Time is a teacher.
And so are relationships.
You can learn about yourself and others if you’re willing to remain open to learning. This one trait can serve you well in your own healing and it can create more harmonious, satisfying relationships.
In the early stages of relationships, pheromones are sparking – these are hormones that flood the body with feel good, “walking on a cloud” kind of feelings. We are in love with everything about our love interest.
My husband and I lived in different states when we were dating and I would often fly to see him. When the plane landed I wanted to run off as fast as I could silently screaming to myself “get out of my way people”! I couldn’t wait to see his glowing smiling face at the end of the jet bridge. No one else existed and time stood still.
And then, this feeling began to shift.
This heightened experience is short lived as the advanced stages of human connection begins, attachment. This is where seeming trouble can begin. It’s also where personal healing begins. We didn’t know it at the time, but we do now and we want to share our learnings.
We recently celebrated anniversary #22 and it got me to pondering about what keeps our relationship working well. What have we learned about nurturing our relationship that might help others?
Together we created this list of 22 ways that we keep the love alive and healthy in our relationship:
- Don’t go to bed angry or talk about finances before sleep. At the minimum agree to disagree and then commit to a time to revisit the issue later.
- If you and your partner are at a standstill in your communication, practice stating what you think your partner is trying to communicate. This is called effective listening; “what I hear you saying is…”. This slows down communication and allows for understanding, not necessarily agreement.
- Express to your partner how you want to spend your birthday, special occasions and holidays ahead of time.
- Use a fun, silly code word to break the spell of an argument that keeps you both talking in circles.
- Realize that you and your partner may be in a low place at the same time and can’t be available to support each other. Reach out to a best friend, family member or a counselor.
- When you need to bring up a sensitive issue with your partner, begin with “I” statements, not “you did this”. Using “you” will create a natural defensiveness in the other.
- Understand that you will trigger each other. You may unknowingly remind your partner of someone from the past or their family history. Be compassionate and consider your partner’s past hurts and/or traumas.
- When you do trigger each other ask yourself; who or what is this reminding me of from the past? Then tell your partner how you experienced it and allow them time to understand how their behavior is effecting you.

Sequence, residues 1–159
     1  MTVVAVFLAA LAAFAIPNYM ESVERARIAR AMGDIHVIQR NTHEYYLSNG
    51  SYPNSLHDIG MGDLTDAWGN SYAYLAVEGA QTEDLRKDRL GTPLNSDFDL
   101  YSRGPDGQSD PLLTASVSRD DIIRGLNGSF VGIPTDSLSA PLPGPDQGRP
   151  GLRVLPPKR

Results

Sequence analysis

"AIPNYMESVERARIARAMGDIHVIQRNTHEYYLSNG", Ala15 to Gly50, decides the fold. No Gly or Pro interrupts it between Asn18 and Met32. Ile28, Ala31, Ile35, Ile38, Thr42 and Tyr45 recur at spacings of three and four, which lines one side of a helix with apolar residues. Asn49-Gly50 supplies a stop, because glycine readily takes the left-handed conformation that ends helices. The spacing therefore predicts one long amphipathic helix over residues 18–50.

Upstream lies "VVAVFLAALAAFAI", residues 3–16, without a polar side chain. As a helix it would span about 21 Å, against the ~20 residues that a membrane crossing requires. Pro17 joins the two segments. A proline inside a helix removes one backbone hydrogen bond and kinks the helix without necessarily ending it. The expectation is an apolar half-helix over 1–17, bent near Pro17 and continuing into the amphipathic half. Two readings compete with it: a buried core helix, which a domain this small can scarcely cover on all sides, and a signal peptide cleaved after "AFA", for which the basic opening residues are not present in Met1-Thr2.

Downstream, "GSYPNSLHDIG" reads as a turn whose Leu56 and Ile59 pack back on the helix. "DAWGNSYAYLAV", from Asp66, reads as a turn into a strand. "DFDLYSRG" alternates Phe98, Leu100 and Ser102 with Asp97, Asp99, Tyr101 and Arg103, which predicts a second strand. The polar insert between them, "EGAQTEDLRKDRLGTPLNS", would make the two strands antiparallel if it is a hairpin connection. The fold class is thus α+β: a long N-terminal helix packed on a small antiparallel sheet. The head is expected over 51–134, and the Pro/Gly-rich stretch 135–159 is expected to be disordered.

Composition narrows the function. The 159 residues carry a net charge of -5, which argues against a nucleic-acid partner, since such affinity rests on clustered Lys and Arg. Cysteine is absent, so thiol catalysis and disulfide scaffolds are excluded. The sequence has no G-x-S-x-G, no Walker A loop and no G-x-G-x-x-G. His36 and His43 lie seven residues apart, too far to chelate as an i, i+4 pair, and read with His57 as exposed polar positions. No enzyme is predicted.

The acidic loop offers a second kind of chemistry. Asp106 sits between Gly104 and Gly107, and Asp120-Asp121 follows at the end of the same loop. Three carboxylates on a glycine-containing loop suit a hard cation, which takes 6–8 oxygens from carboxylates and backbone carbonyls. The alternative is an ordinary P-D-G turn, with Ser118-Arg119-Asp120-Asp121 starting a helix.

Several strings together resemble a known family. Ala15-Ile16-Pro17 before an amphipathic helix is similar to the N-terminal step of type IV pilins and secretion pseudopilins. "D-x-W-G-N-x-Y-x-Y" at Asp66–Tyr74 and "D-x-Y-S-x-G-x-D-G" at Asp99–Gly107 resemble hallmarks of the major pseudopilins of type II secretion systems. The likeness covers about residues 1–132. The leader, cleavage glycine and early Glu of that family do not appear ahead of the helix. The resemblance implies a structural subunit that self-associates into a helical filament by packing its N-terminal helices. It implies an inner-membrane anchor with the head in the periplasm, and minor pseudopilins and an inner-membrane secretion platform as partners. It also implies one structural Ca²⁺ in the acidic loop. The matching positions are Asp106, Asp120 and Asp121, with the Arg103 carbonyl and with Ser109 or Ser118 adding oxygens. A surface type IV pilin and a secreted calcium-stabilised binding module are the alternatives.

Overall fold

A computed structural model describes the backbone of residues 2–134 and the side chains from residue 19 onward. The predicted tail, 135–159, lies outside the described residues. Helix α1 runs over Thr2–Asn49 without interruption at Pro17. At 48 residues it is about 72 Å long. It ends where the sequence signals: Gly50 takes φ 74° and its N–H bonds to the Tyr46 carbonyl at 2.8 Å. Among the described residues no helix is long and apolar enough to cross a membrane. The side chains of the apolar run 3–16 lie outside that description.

- Laugh, a lot!
- Keep your relationship fresh by offering your partner a surprise date, buying them something you know they love, or do act of kindness that let’s them know you care.
- Keep the phones and email’s as open territory; know each other’s passwords. If you need to keep secrets, that doesn’t bode well for trust.
- No name calling or put downs, no matter how angry you are. This is a total lack of respect for your partner and can’t be “unheard”.
- Tell your partner when something is bothering you so you don’t hold it in and allow resentment to fester.
- Honor that you each might require quiet time and allow space for that.
- Apologize sooner than later. Saying I’m sorry is the most soothing balm of all.
- Do not disparage your partner in front of others or with family present. Shaming is not welcome in a loving relationship.
- Speaking of in-laws, each person is responsible for communicating with their own family, especially when there is a conflict.
- When your partner is talking, respond with validation first, then offer solutions if needed. Validation is what we all crave the most.
- When your partner does something you love and appreciate, tell them. This teaches them how you want to be treated.
- Don’t expect your partner to be psychic or intuit your every need or want. Tell them, it’s your responsibility. Relationships are not about testing another person.
- Yelling and ignoring behavior shuts down communication and are both harmful emotionally; they don’t solve a thing. Stretch yourself to grow, be in control of you, and seek to understand.
- Above all, remember that love is the reason you came together. Remember the love as this is all you’ll take with you when you leave the earth.
Even though my husband and I live from this list doesn’t mean we practice it perfectly all the time. Sometimes we’re tired, hurt, hungry and we forget. However, we have learned from our 22 years together that we want to make our relationship work and be a safe space for each other, so we go back to the basics of listening and understanding. Relationships take effort, they need watering and nurturing to grow and thrive.
If you’re experiencing difficult communication with your partner and need support in growing through the difficulty, I’m available for couples counseling.
Connect with me HERE to create a thriving relationship.